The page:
Shutter sounds, p 21:
This is actually far from trivial. Sometimes you want audible confirmation of the shutter, and until we know about the mechanical feedback from the shutter release button, having these options makes sense. Also handy when doing panoramas, though I doubt I will be switching on the ‘mirror reflex’ sound.
OVF power saver mode, p22:
The fact that the power saver mode applies to the OVF is a tad disappointing, as it suggests the OVF displays use quite a bit of power. The problem is that in power saver mode autofocus is far slower. Evaluation of this compromise in the light of battery capacity will have to await real-world use.
Quick Start mode, p.22:
The normal ‘start from cold’ is 2.2 seconds which seems very slow. The Quick Start mode cuts that to 0.7 seconds at the expense of battery life. That’s fast enough (a quick first pressure on the shutter release when lifting the camera to the eye should do it) but the battery life impact remains to be determined.
Shutter speed combinations, p27:
Not all shutter speeds are available at all apertures. The fastest at f2 and f/2.8 is 1/1000th, compared to the camera’s 1/4000th minimum. So if the light calls for 1/1000 @ f/5.6, you would set the lens at f/2 and switch in the 3x Neutral Density filter, getting f/2 depth of field but an effective working aperture of f/5.6. A bit of a pain but you can get there – meaning shallow depth of field in bright light. You can also assign the ND filter function to the Fn button for instant availability – see below. (The above assumes you are using Aperture Priority auto exposure, where you choose the aperture and the X100 figures the shutter speed).
Exposure compensation indicator, p29:
The indicator is available in all three viewfinders. It’s essential if you use the manual exposure compensation dial to remind you if you have set it at something other than ’0′. Easily forgotten.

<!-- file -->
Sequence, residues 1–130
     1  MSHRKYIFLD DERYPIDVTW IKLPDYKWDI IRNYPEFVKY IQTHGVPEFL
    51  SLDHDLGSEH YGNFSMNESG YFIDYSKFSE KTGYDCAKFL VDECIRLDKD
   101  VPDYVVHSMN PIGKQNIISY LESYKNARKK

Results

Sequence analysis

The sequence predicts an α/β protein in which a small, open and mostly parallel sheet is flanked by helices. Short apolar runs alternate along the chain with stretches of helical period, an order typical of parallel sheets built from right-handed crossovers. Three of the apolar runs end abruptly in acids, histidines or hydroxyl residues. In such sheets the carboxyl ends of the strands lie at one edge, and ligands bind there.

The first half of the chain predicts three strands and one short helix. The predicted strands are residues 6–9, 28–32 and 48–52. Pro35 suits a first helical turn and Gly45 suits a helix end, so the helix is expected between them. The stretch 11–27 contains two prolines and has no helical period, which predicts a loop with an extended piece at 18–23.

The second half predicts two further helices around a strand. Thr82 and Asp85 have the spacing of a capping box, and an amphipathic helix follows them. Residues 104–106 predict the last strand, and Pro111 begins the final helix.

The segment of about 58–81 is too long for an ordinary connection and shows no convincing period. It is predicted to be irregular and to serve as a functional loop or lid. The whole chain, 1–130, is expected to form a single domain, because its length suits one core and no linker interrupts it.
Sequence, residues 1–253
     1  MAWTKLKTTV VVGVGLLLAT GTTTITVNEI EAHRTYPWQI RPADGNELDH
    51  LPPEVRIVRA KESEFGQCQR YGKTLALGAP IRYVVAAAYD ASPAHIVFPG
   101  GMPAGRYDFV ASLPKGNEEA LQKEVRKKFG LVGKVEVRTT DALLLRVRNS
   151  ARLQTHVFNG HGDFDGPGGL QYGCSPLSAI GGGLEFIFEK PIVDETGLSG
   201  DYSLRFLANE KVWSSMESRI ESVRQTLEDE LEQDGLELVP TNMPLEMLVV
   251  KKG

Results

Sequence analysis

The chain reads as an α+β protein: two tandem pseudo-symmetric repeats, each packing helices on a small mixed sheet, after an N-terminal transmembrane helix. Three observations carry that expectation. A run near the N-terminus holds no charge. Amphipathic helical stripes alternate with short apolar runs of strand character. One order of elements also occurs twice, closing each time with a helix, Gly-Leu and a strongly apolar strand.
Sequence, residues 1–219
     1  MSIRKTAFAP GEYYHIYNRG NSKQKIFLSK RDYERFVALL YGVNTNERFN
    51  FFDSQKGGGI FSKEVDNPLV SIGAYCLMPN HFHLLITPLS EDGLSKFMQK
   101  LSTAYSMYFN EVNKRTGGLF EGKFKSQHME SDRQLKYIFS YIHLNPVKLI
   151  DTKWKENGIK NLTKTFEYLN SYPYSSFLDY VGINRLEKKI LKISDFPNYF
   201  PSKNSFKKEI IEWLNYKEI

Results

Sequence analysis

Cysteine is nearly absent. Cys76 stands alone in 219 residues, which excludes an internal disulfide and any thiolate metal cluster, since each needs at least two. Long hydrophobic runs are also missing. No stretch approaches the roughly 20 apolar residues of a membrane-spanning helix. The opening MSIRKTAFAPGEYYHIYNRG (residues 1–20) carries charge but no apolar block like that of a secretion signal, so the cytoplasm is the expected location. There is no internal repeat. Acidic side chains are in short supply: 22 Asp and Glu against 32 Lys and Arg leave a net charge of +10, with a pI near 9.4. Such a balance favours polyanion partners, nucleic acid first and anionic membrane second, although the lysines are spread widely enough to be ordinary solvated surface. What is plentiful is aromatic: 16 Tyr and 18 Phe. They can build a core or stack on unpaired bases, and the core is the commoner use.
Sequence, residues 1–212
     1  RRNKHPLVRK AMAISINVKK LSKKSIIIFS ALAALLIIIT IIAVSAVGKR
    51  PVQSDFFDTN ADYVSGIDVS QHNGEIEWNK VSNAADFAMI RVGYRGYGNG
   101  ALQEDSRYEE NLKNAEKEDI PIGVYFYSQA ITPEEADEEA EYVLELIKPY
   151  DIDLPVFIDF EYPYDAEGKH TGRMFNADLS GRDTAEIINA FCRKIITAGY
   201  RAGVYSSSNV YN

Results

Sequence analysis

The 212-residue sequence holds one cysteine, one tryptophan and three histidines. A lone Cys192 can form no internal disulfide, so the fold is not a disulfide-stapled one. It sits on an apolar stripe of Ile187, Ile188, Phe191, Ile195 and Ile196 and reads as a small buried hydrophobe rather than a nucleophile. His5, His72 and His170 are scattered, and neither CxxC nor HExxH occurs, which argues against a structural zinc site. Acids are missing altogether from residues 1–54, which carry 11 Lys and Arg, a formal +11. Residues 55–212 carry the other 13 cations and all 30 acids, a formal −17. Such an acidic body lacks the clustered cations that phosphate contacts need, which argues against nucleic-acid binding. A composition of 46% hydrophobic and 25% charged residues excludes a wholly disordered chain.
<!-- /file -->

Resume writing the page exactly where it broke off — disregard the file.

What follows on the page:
First pressure focus, p30, 45:
Phew! Confirmation at last that a first pressure on the shutter release button can be used to lock focus, exposure or both. Like most street snappers I will set this to lock focus and set the rear panel AEL/AFL button to lock exposure. Then I can focus-take first pressure-recompose-snap for those times when the main subject is not in the center of the frame. Let’s pray the focus confirmation double-beep can be silenced.
Burst mode, p36:
For serial shooters there are two burst bodes – 3 and 5fps. The camera’s buffer is 20mB in size (p113, below) which is small. Two to three buffered shots at best. No indication of how quickly the buffer flushes and it will be interesting to see whether faster SDHC/SDXC cards make a difference or whether the buffer’s native flushing speed is the slowest link in the chain.
Panoramas, p38, 39:
Panoramas for street snaps? Actually this is potentially very useful as it affords ultra-wide opportunities and, if I am reading the book right, the implementation is brilliant. After taking the first snap, you hose the camera around and it knows when to take the subsequent ones! And you can do horizontal or vertical panos which suggests some interesting opportunities. Panos can span 120 or 180 degrees. I’m hoping that exposure is locked based on the first frame, much as it is in Burst Mode, above. Otherwise stitching will show.